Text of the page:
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Focus on management history Fayol's 14 principles of management then and now: a framework for managing today's organizations effectively

Carl A. Rodrigues Montclair State University, Upper Montclair, New Jersey, USA

Industrial manufacturing began to play an increasingly important role in the US economy more than 100 years ago. Since then, many writers have developed propositions about what managers of Abstract Early last century, for industrially- organizations must do to be able to perform developing economies, Fayol their managerial duties more effectively. One offered 14 principles of of the most well-known and quoted early management aimed to help managers ascertain what to do to writers is the late French industrialist Fayol manage more effectively. (1949). One of his key contributions was the Currently, service-based and high- 14 principles of management. These tech industries are becoming principles provided and continue to provide a dominant in some economies, general management perspective for such as the United States. Many practicing managers and an instructional organizations in these industries interpret the principles quite tool for academicians teaching in the field of differently from the way they were management. But, since Fayol's era, many of interpreted in Fayol's time. The the US's manufacturing industries have been differences and the cultural transferred to sites in other countries, and challenges managers face in implementing this new framework the vast majority of America's workforce is are presented. now employed in a service capacity. Thus, the US has entered into what many writers refer to as ``the postindustrial society.'' Basically, this society is characterized by rapid growth of its service sector, by enormous growth in the knowledge industry (Morley, 1974), by high levels of affluence, education, and leisure, by instability and uncertainty, by change becoming a way of life, and by the requirement for new organizational, political and cultural values (Trist, 1970). In this society, traditional organizational forms remain; traditional organizational politics diminish, however (Schick, 1971). The An earlier version of this postindustrial society demands that paper, same title, was organizational decision making be more presented at the Academy of frequent and faster and it requires Management Annual ``consideration of more variables and more Meeting, History Division, complex relationships among these San Diego, CA, August 1998. variables'' (Huber, 1984, p. 933). In essence, decision making becomes a great deal more complex than it was in the past (Simon, 1973). Hence, it is likely that today effective managers in many organizations, especially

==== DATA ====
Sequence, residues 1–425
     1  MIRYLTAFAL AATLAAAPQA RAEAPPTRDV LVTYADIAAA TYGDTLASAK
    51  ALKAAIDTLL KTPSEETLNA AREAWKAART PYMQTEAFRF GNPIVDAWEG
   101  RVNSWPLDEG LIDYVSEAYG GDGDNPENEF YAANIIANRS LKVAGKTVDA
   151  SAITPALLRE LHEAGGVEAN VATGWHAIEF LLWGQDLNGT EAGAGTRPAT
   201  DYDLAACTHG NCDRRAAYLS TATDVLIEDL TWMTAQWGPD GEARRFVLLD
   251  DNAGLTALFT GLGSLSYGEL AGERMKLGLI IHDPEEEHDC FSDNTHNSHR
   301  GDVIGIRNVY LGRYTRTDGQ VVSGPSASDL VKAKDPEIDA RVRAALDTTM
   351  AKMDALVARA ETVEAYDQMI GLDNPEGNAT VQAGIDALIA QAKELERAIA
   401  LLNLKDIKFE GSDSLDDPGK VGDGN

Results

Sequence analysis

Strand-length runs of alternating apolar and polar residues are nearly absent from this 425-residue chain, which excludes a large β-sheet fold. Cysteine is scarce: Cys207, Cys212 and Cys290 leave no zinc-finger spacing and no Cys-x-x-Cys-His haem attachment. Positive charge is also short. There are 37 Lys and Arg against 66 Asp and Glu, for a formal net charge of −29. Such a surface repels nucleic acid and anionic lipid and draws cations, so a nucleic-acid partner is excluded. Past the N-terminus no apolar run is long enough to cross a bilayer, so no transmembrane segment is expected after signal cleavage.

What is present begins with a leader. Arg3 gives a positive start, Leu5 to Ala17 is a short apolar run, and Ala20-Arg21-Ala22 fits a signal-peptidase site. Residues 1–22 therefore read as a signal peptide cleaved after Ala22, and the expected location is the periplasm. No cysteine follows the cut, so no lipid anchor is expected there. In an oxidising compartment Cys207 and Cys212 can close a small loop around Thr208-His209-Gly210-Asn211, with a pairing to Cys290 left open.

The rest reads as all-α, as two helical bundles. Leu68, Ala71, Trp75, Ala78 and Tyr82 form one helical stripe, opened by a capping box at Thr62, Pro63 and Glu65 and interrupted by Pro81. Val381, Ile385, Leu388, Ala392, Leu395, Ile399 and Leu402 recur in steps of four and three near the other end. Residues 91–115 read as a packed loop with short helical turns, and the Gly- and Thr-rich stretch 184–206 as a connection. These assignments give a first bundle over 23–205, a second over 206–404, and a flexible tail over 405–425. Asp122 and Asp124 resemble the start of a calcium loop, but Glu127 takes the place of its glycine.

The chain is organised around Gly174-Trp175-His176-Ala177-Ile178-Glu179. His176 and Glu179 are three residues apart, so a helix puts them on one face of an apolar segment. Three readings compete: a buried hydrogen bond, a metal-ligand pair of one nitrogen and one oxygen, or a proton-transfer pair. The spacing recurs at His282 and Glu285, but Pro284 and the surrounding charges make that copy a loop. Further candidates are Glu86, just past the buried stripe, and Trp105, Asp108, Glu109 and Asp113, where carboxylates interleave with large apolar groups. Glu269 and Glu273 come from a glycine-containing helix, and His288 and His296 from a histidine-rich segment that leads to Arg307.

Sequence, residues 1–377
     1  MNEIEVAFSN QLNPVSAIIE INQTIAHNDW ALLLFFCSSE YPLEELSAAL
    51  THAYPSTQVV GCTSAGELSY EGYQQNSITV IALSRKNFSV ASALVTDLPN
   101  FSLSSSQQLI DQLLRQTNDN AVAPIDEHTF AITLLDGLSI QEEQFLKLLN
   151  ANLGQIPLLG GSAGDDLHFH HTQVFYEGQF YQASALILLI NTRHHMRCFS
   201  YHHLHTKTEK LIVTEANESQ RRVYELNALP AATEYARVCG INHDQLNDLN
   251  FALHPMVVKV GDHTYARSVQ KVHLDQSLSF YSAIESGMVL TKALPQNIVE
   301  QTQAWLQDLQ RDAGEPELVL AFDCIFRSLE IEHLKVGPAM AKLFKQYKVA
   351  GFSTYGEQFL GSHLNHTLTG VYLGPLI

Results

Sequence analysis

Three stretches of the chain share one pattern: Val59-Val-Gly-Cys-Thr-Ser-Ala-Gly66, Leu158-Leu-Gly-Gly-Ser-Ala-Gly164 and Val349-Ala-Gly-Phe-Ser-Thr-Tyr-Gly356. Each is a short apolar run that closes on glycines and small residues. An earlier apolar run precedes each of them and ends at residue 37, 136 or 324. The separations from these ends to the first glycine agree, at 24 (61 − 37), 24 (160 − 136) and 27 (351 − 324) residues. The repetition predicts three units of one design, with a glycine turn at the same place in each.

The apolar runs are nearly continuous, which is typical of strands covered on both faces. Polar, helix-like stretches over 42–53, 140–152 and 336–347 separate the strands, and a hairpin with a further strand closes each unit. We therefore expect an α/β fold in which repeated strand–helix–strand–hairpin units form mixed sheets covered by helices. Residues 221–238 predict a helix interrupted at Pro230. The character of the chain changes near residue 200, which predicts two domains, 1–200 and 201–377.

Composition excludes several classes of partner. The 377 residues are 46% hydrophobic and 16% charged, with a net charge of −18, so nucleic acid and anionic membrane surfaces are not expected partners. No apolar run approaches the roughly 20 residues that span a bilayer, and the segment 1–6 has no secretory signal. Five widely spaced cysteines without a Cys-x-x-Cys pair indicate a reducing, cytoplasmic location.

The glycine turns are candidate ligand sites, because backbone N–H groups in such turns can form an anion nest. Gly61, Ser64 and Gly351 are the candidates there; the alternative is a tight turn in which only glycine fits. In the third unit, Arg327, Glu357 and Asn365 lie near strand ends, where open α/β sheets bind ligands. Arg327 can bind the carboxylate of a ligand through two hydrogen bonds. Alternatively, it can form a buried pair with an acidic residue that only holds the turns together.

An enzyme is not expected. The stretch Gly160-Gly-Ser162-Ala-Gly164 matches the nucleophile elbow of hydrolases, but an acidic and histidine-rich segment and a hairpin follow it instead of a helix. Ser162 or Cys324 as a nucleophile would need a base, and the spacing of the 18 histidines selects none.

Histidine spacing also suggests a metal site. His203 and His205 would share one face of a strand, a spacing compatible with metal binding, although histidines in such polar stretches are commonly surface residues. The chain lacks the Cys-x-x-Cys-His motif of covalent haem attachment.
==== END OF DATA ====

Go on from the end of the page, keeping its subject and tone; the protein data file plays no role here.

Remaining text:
Keywords
Organizational philosophy, Industrial performance, Management theory

in large service-based and high-tech organizations, interpret the 14 principles of management quite differently from the way they were interpreted earlier in the century. The objective of this paper is therefore, based on existing literature, to compare the interpretation of the meaning of the 14 principles then and now, and to package the existing ideas into a contemporary management framework. Table I outlines the comparison of the interpretation. Another objective is to identify some of the barriers, such as corporate culture and individual motivations, managers encounter in implementing the contemporary framework.

The 14 principles of management then and now
Principle 1. Division of work Then
This principle proposes that work can be performed more efficiently and more productively if it is divided into smaller elements and assigning specific elements to specific workers. Thus, the dominant thought in designing jobs then was specialization, each employee performing a specific task, as opposed to generalization, each employee performing multiple tasks. It should be noted, however, that Fayol pointed out that division of work has limitations which should not be exceeded.

Now

Management Decision 39/10 [2001] 880±889

# MCB University Press [ISSN 0025-1747]

The current issue and full text archive of this journal is available at http://www.emerald-library.com/ft